Kawasaki Disease - Gall Bladder Involvement
Joseph Junewick, MD FACR
over 5 years ago
Please choose a workflow. A standard workflow allows you to browse the repository with full case detail; the academic workflow allows you to browse the repository with limited case detail revealed. Double click on the images to launch image viewer.
Hepatic Mesenchymal Hamartoma
Joseph Junewick, MD FACR
|Diagnostic Category: Neoplasia Benign
|Created: over 7 years ago
|Updated: over 6 years ago
Toddler with palpable right upper quadrant mass.
Mesenchymal Hamartoma of the Liver
Normal alphfetoprotein level.
US – Solid and cystic hepatic mass; the solid component is hypervascular on Doppler.
CT – Mixed density mass arising from the right lobe of the liver.
Mesenchymal hamartoma is characterized by uncoordinated proliferation of primitive mesenchyme in the periportal tracts and may be related to a developmental anomaly of the ductal plate, bile duct obstruction, hepatic lobe ischemia or degeneration, or lymphatic duct obstruction. Mesenchymal hamartoma is generally regarded as a benign lesion with no malignant potential but has features similar to embryonal sarcoma. Most commonly lesions are discovered in children younger than 2 years of age; there is a slight male predominance with no known racial predilection. The most common presentation is painless abdominal distention. There is no specific laboratory marker for mesenchymal hamartoma. Serum AFP levels are typically normal. Cytogenetic analysis has demonstrated balanced translocations at 19q13.4 and aneuploidy which suggest a true neoplastic etiology.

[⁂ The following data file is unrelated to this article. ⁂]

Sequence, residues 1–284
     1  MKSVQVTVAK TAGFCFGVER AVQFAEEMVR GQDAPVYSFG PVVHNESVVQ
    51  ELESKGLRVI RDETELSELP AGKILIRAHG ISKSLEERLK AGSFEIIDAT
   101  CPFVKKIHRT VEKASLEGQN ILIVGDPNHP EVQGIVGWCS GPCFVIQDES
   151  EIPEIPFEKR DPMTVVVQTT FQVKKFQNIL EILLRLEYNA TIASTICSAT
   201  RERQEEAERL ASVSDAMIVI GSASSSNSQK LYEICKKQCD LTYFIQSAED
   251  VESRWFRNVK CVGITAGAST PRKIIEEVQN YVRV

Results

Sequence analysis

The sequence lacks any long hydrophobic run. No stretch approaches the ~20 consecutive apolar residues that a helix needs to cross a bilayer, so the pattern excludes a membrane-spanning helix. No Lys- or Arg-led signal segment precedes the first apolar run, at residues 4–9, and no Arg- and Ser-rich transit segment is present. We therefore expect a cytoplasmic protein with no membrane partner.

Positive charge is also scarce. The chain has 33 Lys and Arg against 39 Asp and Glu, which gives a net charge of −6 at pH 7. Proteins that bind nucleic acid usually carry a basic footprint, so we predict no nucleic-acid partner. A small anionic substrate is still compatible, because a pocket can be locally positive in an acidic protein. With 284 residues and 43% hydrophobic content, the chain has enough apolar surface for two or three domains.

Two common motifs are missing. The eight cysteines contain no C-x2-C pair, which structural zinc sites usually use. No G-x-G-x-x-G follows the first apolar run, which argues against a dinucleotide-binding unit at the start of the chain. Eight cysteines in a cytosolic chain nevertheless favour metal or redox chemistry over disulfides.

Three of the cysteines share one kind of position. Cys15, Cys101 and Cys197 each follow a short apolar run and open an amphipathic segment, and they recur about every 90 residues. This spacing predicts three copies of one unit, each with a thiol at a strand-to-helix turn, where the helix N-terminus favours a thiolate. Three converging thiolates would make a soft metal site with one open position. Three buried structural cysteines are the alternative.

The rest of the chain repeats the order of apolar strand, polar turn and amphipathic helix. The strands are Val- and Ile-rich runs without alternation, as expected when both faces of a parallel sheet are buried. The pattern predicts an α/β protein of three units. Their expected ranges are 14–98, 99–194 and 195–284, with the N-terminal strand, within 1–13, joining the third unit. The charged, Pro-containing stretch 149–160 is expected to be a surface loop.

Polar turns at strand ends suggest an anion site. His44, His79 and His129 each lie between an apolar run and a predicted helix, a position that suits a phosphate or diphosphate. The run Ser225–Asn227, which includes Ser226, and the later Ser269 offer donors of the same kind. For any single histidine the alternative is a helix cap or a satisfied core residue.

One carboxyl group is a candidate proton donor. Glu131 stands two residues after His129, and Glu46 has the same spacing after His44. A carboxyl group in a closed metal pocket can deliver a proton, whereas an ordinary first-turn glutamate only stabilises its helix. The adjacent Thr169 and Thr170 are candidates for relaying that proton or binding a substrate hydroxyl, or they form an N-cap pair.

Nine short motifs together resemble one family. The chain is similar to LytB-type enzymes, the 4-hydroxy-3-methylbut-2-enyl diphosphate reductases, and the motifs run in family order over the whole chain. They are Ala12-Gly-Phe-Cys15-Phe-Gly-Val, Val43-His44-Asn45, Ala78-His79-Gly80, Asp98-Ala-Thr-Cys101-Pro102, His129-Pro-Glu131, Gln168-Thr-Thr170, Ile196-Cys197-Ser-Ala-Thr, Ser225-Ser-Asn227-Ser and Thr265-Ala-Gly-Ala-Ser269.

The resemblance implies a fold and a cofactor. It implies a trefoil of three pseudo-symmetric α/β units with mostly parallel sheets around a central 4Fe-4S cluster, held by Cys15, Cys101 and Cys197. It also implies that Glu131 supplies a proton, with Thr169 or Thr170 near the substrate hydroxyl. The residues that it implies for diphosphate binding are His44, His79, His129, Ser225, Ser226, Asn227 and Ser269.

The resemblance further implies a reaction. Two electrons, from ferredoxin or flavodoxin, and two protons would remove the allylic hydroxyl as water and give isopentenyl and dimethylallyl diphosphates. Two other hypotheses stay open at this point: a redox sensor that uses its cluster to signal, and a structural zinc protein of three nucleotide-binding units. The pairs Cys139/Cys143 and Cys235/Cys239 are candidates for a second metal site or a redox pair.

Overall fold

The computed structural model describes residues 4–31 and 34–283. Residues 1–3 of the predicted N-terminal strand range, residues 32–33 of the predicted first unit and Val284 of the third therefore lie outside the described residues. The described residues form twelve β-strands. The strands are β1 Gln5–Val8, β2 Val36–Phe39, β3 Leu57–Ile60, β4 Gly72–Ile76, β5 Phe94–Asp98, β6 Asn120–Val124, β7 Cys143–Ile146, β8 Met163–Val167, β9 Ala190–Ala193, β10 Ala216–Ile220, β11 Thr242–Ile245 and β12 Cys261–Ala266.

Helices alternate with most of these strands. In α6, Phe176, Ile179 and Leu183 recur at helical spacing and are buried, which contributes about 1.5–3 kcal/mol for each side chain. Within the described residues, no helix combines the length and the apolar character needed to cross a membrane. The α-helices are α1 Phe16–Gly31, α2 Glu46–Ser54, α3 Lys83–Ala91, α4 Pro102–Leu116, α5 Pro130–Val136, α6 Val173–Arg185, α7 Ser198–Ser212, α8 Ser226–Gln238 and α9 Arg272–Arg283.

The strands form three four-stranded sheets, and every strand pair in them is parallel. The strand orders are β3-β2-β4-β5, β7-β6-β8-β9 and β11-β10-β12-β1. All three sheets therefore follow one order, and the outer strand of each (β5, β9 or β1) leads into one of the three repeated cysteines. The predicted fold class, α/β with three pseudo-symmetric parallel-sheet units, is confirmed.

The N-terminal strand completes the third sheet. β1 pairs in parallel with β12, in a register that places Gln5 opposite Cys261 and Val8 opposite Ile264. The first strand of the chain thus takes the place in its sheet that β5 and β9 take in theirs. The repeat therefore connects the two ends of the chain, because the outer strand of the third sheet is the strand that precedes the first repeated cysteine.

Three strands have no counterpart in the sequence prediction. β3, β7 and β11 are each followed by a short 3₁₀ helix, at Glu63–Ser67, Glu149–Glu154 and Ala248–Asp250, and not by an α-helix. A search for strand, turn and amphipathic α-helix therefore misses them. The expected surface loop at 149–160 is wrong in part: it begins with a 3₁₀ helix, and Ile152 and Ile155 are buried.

At sonography, the cystic portions of the mass are anechoic or nearly anechoic with thin or thick echogenic septa. The solid portions appear echogenic. Portions with very small cysts may appear completely solid at US. Low-level echoes may be seen within the fluid, presumably reflecting gelatinous contents. Color Doppler imaging shows relatively little blood flow, which is limited to solid portions and septa. At CT, mesenchymal hamartoma appears as a complex cystic mass. The stromal components are hypodense to surrounding liver. The septa and solid elements typically enhance. Hemorrhage within the lesion is unusual.
Siddiqui MA, McKenna BJ. Hepatic Mesenchymal Hamartoma: A Short Review. Arch Pathol Lab Med (2006); 130(10):1567-1569.
Chung EM, Cube R, Lewis RB, Conran RM. Pediatric Liver Masses: Radiologic-Pathologic Correlation Part 1. Benign Tumors. Radiographics (2010); 30:801-826.